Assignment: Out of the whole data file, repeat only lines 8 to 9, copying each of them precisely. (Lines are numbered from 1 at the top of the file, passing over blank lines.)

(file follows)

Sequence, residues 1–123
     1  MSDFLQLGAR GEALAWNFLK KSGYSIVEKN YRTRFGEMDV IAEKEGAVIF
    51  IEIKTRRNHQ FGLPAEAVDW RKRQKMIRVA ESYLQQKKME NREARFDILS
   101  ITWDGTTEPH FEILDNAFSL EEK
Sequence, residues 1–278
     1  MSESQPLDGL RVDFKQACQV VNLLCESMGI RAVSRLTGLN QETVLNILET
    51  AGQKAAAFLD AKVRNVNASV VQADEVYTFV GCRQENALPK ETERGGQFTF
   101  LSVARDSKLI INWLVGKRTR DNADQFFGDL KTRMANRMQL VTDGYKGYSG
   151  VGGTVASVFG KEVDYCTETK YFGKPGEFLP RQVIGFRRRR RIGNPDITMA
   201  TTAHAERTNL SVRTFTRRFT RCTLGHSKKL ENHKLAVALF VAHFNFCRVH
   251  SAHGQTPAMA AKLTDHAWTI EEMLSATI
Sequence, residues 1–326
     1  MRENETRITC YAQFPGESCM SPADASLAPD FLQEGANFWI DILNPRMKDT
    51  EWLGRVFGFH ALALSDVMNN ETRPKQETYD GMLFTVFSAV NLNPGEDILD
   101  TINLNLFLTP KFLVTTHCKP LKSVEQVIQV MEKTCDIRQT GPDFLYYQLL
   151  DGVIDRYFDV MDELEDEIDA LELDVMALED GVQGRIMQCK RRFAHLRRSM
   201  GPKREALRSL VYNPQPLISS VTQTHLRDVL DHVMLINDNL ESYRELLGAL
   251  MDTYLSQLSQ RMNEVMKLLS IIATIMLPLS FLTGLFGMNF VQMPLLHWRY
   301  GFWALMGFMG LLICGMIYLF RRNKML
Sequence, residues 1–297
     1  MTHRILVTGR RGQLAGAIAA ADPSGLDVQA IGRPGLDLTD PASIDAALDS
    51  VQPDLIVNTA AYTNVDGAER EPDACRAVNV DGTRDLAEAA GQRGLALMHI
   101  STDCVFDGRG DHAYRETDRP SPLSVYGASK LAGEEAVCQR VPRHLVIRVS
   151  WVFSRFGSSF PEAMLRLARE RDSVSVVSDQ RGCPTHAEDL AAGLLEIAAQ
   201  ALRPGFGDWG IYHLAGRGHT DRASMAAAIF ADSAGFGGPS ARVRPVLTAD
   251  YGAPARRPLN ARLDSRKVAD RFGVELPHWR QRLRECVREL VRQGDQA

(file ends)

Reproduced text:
   101  LSVARDSKLI INWLVGKRTR DNADQFFGDL KTRMANRMQL VTDGYKGYSG
   151  VGGTVASVFG KEVDYCTETK YFGKPGEFLP RQVIGFRRRR RIGNPDITMA